Posted on 2011-10-13
Last Modified: 2012-06-27

We are about to order 2 new physical servers with VMWare ESX + VMotion for a customer and a iscsi disks bay attached to the servers by ethernet cable.

The idea is to run all virtual servers on 2 physical servers, and the vmdk files of the servers will be saved on the disk bay. The customer has

- a main branch with different servers (main domain Windows Server 2003 to upgrade to windows server 2008 R2 ip range1) and
- an autonomous branch (separate domain with SBS 2003 to migrate to 2011 ip range2 totaly out of the scope of range1).

Our question is related to the new licence of the SBS 2011 we can provide?

- OEM ??? > because it is brand new physical servers, we could supply the SBS2011 standard OEM and virtualize it. Is it acceptable at licence point of view? OEM is less expensive. The sticker with the code will be stick on one of the two servers and we will not use the VMotion feature on the SBS2011, means we will not move the virtual server from one physical server to the other.
- Or do we have to stick the sticker on the disks bay? because the vmdk installation file will be saved there.
- buy Full ??? (means not oem) this option is more expensive,
- Do we need specific virtualization installation code? (like in SBS2008 OEM if I am wrong, we were having a sticker with 2 codes on it for physical and for virtual).
- Does SBS2011 standard OEM can be virtualized?

Of course we would like to comply with licence agreement, but if can save some money it is good too. We google a lot and could not find any explanation covering our case. Any advices from Microsoft Licence Expert are welcome


Question by:CAMTEC_SPRL
    LVL 95

    Expert Comment

    by:Lee W, MVP
    This came up at a meeting I attended last night with SBS consultants in NY.  No one is ordering OEM licenses of SBS because you cannot virtualize and you cannot use many backup options like BDRs.  Yes, a Volume License (NOT RETAIL) is a little more expensive, but $200-300 today for the flexibility to do essentially whatever you want as your needs change - replace the server, implement image based backup/fail-over... There are too many Wins for that extra amount of money to really be your deciding factor when you consider how much you are spending on the hardware, services, and licenses to begin with.  Put another way, don't make this your savings point.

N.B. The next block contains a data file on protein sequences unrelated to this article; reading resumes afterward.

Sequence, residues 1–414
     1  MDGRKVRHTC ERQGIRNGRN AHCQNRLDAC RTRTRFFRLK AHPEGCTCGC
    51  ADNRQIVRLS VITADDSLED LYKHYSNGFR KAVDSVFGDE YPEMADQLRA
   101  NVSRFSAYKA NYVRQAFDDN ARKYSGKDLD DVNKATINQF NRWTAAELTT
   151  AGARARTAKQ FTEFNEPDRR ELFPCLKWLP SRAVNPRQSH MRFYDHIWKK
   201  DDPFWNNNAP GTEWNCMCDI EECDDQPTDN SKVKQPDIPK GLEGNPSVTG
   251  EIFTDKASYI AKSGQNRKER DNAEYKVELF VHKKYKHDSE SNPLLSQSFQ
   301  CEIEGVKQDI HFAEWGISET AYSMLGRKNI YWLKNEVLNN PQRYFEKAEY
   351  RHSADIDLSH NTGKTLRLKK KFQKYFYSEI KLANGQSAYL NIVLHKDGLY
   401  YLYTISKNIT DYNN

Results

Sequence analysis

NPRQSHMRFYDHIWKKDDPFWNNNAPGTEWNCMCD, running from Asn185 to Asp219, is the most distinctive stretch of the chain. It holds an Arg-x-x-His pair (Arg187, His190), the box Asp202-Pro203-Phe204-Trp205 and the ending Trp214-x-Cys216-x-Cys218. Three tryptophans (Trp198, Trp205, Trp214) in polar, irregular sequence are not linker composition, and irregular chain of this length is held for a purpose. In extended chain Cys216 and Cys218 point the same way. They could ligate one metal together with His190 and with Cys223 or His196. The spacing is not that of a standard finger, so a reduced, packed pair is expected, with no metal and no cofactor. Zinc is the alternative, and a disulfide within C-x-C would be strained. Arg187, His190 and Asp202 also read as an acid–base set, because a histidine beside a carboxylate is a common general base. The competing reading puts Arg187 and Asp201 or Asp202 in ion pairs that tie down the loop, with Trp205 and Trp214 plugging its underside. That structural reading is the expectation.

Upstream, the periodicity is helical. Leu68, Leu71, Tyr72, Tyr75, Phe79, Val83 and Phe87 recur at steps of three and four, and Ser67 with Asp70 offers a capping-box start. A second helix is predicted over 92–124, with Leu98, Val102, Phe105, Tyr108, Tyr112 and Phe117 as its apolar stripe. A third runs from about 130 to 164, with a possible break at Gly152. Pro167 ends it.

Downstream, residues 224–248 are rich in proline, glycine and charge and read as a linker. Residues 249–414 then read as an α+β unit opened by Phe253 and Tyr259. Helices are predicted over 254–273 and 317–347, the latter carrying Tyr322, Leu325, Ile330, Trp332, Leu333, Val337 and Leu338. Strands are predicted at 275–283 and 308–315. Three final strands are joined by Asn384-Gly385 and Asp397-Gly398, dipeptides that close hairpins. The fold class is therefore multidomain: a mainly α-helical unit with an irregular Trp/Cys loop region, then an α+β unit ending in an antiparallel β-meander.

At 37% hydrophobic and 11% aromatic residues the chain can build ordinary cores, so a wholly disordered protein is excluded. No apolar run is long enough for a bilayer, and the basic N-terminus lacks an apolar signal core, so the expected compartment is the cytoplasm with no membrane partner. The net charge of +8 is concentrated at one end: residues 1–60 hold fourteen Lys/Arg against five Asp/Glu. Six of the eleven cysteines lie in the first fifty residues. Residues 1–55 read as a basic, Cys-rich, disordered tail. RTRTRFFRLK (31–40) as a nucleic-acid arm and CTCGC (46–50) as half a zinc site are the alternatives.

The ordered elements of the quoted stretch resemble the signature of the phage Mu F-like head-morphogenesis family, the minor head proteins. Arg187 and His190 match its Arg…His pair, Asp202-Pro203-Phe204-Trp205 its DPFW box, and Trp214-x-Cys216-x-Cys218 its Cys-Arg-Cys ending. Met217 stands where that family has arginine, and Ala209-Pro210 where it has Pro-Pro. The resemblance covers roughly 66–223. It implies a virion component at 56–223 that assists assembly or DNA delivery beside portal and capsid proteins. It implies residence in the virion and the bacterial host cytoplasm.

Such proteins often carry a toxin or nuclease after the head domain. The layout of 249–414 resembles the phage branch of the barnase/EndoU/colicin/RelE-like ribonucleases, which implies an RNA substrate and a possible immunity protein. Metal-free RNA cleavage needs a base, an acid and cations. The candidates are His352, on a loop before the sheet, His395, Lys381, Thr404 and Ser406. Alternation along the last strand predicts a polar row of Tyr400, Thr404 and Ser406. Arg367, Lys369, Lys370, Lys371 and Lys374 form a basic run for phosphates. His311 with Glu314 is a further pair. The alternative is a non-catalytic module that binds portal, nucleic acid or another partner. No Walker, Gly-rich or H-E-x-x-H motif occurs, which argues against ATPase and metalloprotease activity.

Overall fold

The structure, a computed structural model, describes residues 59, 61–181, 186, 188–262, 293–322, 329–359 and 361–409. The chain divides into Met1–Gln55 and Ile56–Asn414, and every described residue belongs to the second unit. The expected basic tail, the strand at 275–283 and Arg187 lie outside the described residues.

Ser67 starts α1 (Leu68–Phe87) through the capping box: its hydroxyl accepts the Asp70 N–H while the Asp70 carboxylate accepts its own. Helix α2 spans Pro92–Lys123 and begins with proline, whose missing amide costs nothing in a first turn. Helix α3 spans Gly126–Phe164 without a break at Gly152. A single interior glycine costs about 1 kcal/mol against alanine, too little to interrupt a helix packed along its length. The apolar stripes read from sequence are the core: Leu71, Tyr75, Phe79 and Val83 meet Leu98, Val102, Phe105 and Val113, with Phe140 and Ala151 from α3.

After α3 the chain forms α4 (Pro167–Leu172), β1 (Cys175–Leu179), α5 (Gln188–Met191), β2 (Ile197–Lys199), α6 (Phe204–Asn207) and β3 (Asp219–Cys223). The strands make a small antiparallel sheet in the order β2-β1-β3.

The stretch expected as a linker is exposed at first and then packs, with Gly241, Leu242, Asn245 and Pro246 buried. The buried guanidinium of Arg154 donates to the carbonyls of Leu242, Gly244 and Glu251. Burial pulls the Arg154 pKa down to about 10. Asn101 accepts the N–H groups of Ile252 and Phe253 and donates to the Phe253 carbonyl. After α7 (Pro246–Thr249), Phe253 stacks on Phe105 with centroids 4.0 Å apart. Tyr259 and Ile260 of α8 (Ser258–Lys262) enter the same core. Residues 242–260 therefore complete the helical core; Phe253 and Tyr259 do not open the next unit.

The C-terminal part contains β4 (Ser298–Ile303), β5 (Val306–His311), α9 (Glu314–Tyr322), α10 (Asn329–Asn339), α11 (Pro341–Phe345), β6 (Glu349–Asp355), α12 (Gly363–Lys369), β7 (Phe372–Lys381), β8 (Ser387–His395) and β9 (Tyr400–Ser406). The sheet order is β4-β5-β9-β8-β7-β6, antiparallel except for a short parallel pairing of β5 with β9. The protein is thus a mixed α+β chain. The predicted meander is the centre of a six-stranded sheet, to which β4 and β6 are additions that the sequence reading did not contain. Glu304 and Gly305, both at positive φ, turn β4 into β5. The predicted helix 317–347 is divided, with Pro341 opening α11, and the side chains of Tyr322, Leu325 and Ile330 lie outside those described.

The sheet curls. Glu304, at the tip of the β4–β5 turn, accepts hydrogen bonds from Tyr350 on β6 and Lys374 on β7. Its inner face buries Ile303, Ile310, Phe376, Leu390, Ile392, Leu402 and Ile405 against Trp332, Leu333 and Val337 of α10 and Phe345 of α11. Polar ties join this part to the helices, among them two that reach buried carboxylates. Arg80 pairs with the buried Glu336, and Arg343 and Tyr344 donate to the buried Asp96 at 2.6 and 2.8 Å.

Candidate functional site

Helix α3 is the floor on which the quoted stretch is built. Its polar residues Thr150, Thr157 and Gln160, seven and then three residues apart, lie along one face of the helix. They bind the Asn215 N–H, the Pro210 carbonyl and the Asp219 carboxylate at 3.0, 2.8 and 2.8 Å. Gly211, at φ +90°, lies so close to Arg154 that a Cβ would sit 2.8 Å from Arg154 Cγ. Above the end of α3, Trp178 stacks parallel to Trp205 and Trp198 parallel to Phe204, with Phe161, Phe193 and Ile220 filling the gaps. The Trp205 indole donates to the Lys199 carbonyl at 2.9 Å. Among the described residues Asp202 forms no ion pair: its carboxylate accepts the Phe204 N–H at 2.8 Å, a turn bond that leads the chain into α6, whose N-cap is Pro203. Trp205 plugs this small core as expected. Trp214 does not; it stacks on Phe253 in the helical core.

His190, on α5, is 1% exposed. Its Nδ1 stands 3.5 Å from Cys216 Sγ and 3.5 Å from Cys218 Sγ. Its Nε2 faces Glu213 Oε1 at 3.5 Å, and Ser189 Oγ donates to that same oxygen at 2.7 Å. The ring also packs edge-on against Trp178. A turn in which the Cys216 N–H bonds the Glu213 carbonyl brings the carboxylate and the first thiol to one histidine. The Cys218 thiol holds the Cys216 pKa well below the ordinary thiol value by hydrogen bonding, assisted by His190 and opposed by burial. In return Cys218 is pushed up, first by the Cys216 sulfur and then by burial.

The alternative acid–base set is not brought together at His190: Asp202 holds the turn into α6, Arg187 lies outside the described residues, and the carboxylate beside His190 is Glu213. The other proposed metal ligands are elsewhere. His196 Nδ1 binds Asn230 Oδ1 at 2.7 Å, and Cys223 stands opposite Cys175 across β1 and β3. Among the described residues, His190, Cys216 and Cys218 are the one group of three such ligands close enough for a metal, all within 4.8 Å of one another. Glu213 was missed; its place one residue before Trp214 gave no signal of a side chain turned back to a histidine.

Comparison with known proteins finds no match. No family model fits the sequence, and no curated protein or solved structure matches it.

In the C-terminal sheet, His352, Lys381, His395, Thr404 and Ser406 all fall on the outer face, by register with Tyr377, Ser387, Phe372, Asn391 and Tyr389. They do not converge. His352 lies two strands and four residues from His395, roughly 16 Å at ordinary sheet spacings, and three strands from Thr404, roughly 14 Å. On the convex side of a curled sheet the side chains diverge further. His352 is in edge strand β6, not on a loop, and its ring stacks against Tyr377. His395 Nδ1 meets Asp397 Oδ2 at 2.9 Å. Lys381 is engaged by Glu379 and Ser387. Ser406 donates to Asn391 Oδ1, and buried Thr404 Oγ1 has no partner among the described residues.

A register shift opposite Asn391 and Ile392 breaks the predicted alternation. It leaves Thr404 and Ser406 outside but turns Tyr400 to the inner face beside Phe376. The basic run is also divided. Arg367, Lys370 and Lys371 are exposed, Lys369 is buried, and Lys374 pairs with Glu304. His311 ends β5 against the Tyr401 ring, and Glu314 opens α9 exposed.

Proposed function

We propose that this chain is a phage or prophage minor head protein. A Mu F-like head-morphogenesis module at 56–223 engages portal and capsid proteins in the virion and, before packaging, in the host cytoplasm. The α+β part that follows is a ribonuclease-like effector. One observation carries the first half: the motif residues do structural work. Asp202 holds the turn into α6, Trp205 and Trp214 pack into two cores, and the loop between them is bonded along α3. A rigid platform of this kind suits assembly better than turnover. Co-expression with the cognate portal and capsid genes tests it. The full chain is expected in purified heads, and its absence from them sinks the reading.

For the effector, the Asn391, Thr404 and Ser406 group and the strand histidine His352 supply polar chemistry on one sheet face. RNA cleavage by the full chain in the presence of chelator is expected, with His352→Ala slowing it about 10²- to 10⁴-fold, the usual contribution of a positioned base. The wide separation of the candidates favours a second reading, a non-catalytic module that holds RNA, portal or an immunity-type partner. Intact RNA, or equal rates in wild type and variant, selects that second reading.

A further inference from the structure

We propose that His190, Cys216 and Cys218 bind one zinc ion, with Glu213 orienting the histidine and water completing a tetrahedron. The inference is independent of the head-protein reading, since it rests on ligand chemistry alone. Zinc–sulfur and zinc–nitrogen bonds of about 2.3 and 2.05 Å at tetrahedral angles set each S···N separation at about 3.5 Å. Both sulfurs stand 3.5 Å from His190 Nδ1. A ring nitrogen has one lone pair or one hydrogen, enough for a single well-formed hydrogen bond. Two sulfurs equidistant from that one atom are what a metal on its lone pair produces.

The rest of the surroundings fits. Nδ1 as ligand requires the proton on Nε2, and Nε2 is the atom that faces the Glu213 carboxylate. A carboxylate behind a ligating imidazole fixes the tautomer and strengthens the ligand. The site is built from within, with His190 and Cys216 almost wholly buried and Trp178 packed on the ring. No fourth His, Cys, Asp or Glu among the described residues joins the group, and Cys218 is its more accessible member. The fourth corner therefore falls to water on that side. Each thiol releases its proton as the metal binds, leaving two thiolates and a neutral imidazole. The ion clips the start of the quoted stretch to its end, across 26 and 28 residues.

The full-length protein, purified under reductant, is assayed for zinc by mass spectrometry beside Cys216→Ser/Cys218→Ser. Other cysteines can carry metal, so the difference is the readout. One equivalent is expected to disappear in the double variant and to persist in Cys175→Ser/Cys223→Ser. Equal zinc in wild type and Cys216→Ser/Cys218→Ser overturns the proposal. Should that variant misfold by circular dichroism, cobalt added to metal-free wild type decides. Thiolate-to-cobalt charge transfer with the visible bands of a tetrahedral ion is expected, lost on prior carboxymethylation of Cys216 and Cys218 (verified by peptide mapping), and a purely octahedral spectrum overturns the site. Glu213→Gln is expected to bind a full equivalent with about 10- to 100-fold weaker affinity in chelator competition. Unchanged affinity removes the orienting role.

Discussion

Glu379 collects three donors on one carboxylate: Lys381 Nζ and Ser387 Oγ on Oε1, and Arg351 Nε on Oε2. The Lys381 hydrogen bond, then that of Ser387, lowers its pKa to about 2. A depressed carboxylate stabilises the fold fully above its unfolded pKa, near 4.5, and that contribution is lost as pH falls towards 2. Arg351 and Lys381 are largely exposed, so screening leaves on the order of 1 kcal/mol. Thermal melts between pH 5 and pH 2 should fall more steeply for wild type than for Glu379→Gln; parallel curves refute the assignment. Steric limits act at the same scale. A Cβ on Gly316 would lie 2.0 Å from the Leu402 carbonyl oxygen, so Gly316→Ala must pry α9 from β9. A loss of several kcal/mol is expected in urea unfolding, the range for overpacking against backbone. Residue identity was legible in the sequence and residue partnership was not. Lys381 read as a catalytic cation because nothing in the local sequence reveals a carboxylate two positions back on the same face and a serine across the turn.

Author Comment

    Volume licence <> retail, what is the difference?
    We have to supply the SBS licence and the only possibility we have at our supplier site is OEM or NON-oem.
    LVL 95

    Accepted Solution

    Depends on the product line.

    I never buy Retail.  As a Microsoft Partner I get "credited" with the sale of Volume Licenses (you need an account with a distributor; my distributor is Ingram Micro).

    Looking at the retail license price, I believe the Suggested Retail Price is $1200.  The Suggested Retail Price of a volume license is $952.  The only real difference between the two server versions (other than pricing) is (as near as I can tell), you cannot resell the Volume license - it dies with the business it's sold to.  A retail license can be removed from a server and resold (though I wouldn't buy "used" software - I would trust it's legit.  

    When it comes to other products, Volume Licensing offers a variety of benefits, but there can be occasional issues you need to be aware of.  JUST FOR EXAMPLE:
    If you wanted to install Office on a Terminal Server/Remote Desktop Server, you MUST use a Volume License.  If you want to build an image of a Windows 7 system and "copy" (deploy) that image to 10 other PCs to save time, you MUST have a Volume License of Windows (or add Software Assurance to your existing licenses).  

    If you take a little time to learn the differences between licensing platforms, you'll learn that there are a variety of benefits to volume licenses.  The only benefit to OEM licenses is cheap initial price... but it becomes more expensive over time as you have to rebuy the software every time you replace the PC it's installed on.  And retail is fine... but it's kind of "no-frills" in terms of added benefits while Volume Licenses and Software Assurance (Which I liken to prepaid upgrades, especially since MS doesn't sell upgrades to some products like office anymore) offers a lot more.  If you're consulting for clients, I strongly recommend you familiarize yourself with the benefits.  (It can be complicated, but knowing that things are possible can make you a hero instead of losing the business when someone comes along and says "we'll just get you x and it will cover you for y" while you've been charging x AND y).

    Author Comment

    Thanks for all those explanations. We also are buying at ingram micro, I will check with them.

    Author Closing Comment


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